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Movie sheds light on transnational families

The effects of immigration from Mexico on the people left behind is the subject of the "Those Who Remain." This documentary from 2008 will screen on Nov. 18 at the James Bridges Theater and is co-presented by the UCLA Latin America Institute.

GETTY IMAGES The effects of immigration from Mexico on the people left behind is the subject of the "Those Who Remain." This documentary from 2008 will screen on Nov. 18 at the James Bridges Theater and is co-presented by the UCLA Latin America Institute. Daniel Boden / Daily Bruin

Some children have not seen their father in 10 years; he regularly sends money home, and they know he does it to support his family. But it does not change the fact that Dad is not at home, Mom is left alone, and the family is not whole. This is the other side of immigration ““ the story seldom told.

Filmmakers Juan Carlos Rulfo and Carlos Hagerman tell the other side of the story in their award-winning film “Those Who Remain” (“Los que se quedan”). Tonight, the UCLA Latin America Institute will be screening the film on campus with Hagerman present.

The film, which won the Target Documentary Award at the 2009 Los Angeles Film Festival, tells the story of Mexican families who have at least one member working in the United States.

“It reminds the viewer that the people who are here in the United States working, whether documented or undocumented, have families and loved ones who are back there (in Mexico),” said Professor Randal Johnson, director of the UCLA Latin America Institute. “Immigration and migration have a tremendous human impact, not only in the U.S., but also in Mexico.”

Abel Valenzuela, a professor of Chicano/a Studies, explained that the issue of transnational families ““ those dispersed across two or more nations ““ is pertinent to Los Angeles in its social and economic effects.

“It’s clearly connected to Los Angeles … because it tells a story of a fundamental issue in migration that often isn’t told. And that’s the assumption that if you immigrate, if you belong to a family … that the whole unit migrates to the United States and while indeed that happens … it is also the case that foreigners don’t arrive as a family unit, but rather individually. There are terrible, personal and rather social consequences of splitting up a household for economic reasons,” Valenzuela said.

Family members leave to work in Canada, the United States or Europe in order to improve their family’s quality of living. This aid usually comes in the form of remittances, or money sent back to the family in the laborer’s home country. Remittances provide larger sums of money than financial aid sent from other countries’ governments. The weak economy, however, has even affected the level of money sent out of the United States.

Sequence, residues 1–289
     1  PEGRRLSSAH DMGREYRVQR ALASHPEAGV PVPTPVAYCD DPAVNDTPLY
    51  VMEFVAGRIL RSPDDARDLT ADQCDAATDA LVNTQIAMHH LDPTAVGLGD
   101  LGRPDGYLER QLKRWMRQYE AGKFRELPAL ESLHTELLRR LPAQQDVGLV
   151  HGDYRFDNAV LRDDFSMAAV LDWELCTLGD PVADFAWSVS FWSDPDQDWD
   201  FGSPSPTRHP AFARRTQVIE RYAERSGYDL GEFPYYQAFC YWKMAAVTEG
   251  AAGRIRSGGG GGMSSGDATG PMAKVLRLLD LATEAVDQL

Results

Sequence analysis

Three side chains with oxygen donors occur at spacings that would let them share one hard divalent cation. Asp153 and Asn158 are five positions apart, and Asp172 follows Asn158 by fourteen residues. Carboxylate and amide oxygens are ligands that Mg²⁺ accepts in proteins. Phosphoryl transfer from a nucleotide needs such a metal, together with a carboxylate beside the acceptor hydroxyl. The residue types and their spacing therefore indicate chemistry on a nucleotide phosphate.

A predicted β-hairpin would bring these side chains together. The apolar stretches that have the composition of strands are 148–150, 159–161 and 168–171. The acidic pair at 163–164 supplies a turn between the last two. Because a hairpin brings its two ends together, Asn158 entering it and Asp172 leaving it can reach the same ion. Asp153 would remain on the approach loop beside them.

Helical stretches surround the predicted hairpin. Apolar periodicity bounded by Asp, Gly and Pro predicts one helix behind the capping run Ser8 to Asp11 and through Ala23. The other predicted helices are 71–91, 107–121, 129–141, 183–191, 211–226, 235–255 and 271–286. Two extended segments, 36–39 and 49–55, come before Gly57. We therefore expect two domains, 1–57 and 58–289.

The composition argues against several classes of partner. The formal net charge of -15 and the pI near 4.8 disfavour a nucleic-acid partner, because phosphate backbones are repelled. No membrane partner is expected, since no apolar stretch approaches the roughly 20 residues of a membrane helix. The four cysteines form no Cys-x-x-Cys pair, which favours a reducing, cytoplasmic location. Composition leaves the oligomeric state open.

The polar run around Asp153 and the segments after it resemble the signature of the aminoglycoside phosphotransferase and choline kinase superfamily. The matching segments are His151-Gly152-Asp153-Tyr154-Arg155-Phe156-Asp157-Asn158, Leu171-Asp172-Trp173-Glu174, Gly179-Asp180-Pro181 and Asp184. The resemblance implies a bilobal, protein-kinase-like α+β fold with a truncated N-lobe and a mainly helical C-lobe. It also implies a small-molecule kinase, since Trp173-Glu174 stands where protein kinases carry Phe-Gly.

“Construction … once a thriving market that provided all sorts of opportunities for Latino immigrant workers, has all but disappeared. Irregular employment has become even more irregular. It’s difficult for them as it is for everybody in this country,” Valenzuela said. “I’ve seen anywhere from 60 to 80 percent in decreases of remittances which is a huge drop in terms of actual dollars.”

Leisy Abrego, who received her doctorate in sociology from UCLA in 2008, researched transnational Salvadorian families. She explained that the transnational family phenomenon is an important, contemporary global issue.

“People from the Philippines are migrating all over the world. People from parts of Africa are migrating to Europe. People from different Asian countries are moving to Arab nations. The parents are seeking ways of survival for their children,” Abrego said.

It is not always the parents who leave their homeland. Abrego distinguished between different types of transnational families such as when the eldest son emigrates to help support the family.

Transnational families also include those that send their children away for educational purposes. In all cases, separation from family and nation is difficult and straining.

“Ideally nobody wants to leave their country. There are no economic opportunities in their country, and so they leave, and once they’re in the U.S. ““ it’s not that they don’t miss their families or their country, it’s that they know going back there means going back to dire poverty,” Abrego said.

The UCLA Latin America Institute is screening “Those Who Remain” as part of its monthly Mexican film series.

“The film series (gives) a new perspective on all sorts of issues related to Latin America,” Johnson said.

Johnson, Valenzuela and Abrego all lauded the film as a humanistic approach to capturing a lesser-known aspect of the immigration debate as well as a new window from which to research transnationalism.

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